Sunday, 11 April 2010
Blind undertaking (ST 28/03/10)
The Blind Side (12A) 128 mins **
Nanny McPhee & the Big Bang (U) 110 mins ***
Lion’s Den (15) 113 mins ****
And to think there were those who grumbled Crazy Heart was an unexceptional film to win Jeff Bridges an acting Oscar. This may well have been Sandra Bullock’s year - marital troubles aside - but the galling thing about her triumph in the arrant hicksploitation of The Blind Side is that it’s not meant to be her character’s moment. John Lee Hancock’s true-life drama notionally concerns Michael “Big Mike” Oher (Quinton Aaron), a hulking black teen from the Memphis projects. Left homeless after his father’s death, Oher was adopted by brash, bottle-blonde soccer mom Leigh Anne Tuohy - enter Bullock - who taught him shopping and self-esteem, and transformed him into one of gridiron’s most valuable defensive players.
Judging by its huge commercial success in the States, the film clearly pushes a lot of the right Obama-era buttons. It’s racial, obviously, but religious, too: Oher is enrolled at a good Christian school where the football team goes under the divinely inspired nickname “the Crusaders”. Yet from its blithely sunny evocation of the projects to its last-reel gloss on The Charge of the Light Brigade as a sports coaching manual, The Blind Side is horribly, persistently simplistic. At its most patronising, we could be watching Precious translated from the original black, which perhaps explains why Hancock’s movie has taken five times as much at the box office.
Where Precious positioned its multiply challenged heroine at the centre of its universe, Hancock films Oher as the Tuohys’ latest pet, tagging mutely along behind more immediately readable white folks: not just Leigh Anne, but her down-home husband (country star Tim McGraw, canny casting for the flyover crowd), a kid so brattily precocious you ache for Big Mike to fall on him, and Kathy Bates as a tutor with - oh my lawd - Democratic tendencies. The lowpoint arrives when Mr. Tuohy wonders where Leigh Anne sourced a baby photo for Michael’s graduation festivities. “I scanned it off an Internet site for toddlerwear,” she responds, to audience guffaws; who knew all African-Americans looked alike?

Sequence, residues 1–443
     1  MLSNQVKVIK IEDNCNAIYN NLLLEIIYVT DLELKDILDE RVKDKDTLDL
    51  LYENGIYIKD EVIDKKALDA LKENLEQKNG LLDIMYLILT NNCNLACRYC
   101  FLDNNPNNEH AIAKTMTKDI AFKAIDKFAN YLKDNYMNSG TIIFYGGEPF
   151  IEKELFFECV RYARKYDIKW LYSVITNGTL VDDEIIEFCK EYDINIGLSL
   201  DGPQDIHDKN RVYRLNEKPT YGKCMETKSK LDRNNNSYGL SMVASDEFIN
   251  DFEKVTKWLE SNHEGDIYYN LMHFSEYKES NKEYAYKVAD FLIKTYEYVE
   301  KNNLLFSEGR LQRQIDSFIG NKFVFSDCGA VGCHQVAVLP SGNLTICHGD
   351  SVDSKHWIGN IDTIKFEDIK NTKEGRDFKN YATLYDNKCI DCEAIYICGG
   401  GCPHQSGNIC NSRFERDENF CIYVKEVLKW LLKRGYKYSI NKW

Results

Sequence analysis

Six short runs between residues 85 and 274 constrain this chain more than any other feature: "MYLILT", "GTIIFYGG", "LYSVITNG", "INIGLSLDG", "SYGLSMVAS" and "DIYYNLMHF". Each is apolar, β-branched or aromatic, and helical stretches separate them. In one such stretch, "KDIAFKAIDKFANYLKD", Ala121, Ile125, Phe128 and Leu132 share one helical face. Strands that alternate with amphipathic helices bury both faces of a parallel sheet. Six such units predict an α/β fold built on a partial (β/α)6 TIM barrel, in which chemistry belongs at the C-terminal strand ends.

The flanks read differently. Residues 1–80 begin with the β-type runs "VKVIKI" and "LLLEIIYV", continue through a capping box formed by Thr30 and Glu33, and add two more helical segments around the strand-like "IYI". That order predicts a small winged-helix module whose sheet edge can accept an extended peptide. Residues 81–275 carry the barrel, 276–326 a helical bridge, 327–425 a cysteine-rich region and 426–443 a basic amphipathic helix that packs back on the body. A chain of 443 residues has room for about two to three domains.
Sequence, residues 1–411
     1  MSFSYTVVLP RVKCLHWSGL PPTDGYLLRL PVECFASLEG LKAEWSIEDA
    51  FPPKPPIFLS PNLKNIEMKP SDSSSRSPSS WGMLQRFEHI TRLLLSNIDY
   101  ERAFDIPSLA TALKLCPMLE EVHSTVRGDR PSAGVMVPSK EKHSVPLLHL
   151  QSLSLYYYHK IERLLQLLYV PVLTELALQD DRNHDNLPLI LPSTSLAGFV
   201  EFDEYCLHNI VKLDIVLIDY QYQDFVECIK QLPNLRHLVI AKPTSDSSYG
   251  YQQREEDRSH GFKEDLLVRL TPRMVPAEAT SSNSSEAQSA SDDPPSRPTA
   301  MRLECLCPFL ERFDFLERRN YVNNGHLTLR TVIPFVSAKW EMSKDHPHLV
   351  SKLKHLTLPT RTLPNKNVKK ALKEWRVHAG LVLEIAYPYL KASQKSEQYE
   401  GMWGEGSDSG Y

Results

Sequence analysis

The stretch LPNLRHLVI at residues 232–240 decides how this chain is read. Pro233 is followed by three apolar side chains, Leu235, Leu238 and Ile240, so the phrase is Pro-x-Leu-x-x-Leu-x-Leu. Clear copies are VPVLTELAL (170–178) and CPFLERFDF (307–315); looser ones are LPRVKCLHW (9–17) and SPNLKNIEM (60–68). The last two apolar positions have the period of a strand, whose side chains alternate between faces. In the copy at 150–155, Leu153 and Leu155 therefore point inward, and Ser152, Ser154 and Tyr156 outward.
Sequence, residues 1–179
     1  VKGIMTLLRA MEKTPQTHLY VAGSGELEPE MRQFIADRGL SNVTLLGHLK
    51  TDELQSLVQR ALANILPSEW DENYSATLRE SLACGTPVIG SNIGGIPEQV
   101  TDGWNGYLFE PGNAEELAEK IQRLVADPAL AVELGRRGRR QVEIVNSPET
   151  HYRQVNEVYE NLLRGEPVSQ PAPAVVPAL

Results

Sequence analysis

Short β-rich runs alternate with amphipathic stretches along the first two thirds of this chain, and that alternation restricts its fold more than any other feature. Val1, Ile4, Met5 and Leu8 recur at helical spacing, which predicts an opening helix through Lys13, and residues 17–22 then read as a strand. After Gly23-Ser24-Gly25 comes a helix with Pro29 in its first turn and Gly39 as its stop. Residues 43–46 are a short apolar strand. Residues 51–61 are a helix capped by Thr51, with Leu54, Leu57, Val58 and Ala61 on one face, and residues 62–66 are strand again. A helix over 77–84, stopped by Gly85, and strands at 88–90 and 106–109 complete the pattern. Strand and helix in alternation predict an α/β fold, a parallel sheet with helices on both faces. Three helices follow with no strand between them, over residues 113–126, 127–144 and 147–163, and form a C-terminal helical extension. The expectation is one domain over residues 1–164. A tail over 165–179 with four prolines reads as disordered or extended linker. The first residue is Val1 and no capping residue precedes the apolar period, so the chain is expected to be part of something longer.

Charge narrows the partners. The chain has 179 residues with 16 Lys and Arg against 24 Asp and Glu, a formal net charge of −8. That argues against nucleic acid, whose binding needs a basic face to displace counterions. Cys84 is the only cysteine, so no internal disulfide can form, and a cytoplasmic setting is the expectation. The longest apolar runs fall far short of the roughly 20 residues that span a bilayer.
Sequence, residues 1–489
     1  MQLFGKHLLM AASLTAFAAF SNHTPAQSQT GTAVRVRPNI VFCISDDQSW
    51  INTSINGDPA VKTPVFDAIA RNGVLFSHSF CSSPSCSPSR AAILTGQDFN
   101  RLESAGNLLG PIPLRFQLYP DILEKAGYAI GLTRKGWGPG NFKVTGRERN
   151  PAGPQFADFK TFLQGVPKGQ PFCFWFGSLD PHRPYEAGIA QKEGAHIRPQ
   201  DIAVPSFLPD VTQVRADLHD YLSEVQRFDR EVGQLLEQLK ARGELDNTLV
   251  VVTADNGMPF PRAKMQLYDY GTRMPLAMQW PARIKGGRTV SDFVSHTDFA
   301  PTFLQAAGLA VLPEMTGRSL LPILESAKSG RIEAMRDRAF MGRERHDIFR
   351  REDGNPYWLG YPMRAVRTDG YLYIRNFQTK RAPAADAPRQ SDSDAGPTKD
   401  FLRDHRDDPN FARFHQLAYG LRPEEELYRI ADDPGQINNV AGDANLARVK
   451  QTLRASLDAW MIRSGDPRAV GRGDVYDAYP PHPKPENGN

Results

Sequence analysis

In The Blind Side’s prologue, we’re informed that Oher’s duty as an offensive tackle is to protect his quarterback, the team’s star player and chief wage-earner. Observing what unfolds, it’s hard not to feel the thoughtful, likable newcomer Aaron has been recruited to do much the same thing for Bullock here: provide the semblance of weight that might allow his dainty Caucasian co-star to elude her competition and run all the way to the awards-season endzone. Taken in isolation, Bullock’s performance is ballsy enough; yet it speaks volumes for the parlous state of this actress’s career that a film this retrogressive could be considered in any way a comeback.
2005’s Nanny McPhee was a jolly holiday romp that saw the Hampstead set doing Mary Poppins, giving Emma Thompson an unlikely signature role as the unkempt housekeeper with magical tidying properties. Sequel The Big Bang - which finds the supernatural supernanny refereeing tweenies on soldier’s wife Maggie Gyllenhaal’s farm - applies gooey substances (jam, treacle, pigswill) to the screen with a liberal hand; it’s seemingly hellbent on reproducing the textures of the cinema floor after a matinee screening. Once more, supporting players sign up at their own risk: Maggie Smith mistakes a cowpat for a cushion, while chauffeur Daniel Mays tumbles backwards into a duckpond.
Beneath the gunge, there’s a very English fantasy about the need for order in uncertain times: the WW2 setting cues a Chelsea Pensioners cameo, and some light quivering from the upper lip of Ralph Fiennes as a War Office bigwig. We could quibble about an excess of CG gimmickry - burping jackdaws and flying pigs - but any film that casts Bill Bailey as an amenable farmer must be doing something right, the design work is smashing, while the bomb-disposal finale suggests nothing less than a Lionel Jeffries remake of The Hurt Locker.
If there’s one release this weekend that truly merits Mother and Baby screenings, however, it’s Lion’s Den, the latest from young Argentinian master Pablo Trapero, which sees pregnant heroine Julia (Martina Gusman) sequestered to a prison wing reserved for mothers and mothers-to-be following her abusive boyfriend’s death. Breastfeeding cinemagoers will surely conclude that the considerable task of getting a nipper to sleep in a childproofed suburban semi is as nothing compared to accomplishing same under the institutional lighting of a Buenos Aires jail cell.
Cooler-headed than the recent A Prophet, Lion’s Den operates comfortably within the babes-behind-bars genre - there are, of course, shower-block catfights - but centralising these madonnas allows the film to chart genuinely novel territory: even the resident bad girl has to halt her threats to tend to her wailing newborn. As Julia comes to embrace the possibility of a new beginning, Trapero leaves us with indelible and cheering images: cellblock corridors scattered with Lego bricks and tricycles, snipers clad as Santa Claus, tiny feet converting prison doors into makeshift climbing frames.